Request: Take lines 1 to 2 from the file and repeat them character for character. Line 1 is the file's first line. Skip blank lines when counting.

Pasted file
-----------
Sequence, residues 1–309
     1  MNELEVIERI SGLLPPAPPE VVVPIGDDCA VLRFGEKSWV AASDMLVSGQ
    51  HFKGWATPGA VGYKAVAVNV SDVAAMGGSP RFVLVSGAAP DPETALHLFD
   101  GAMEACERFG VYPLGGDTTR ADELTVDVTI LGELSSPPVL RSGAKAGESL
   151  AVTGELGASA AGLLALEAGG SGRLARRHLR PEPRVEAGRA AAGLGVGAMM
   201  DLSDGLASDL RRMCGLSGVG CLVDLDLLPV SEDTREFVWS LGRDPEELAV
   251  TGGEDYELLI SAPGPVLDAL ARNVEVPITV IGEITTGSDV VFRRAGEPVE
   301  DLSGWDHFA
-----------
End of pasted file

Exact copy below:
Sequence, residues 1–309
     1  MNELEVIERI SGLLPPAPPE VVVPIGDDCA VLRFGEKSWV AASDMLVSGQ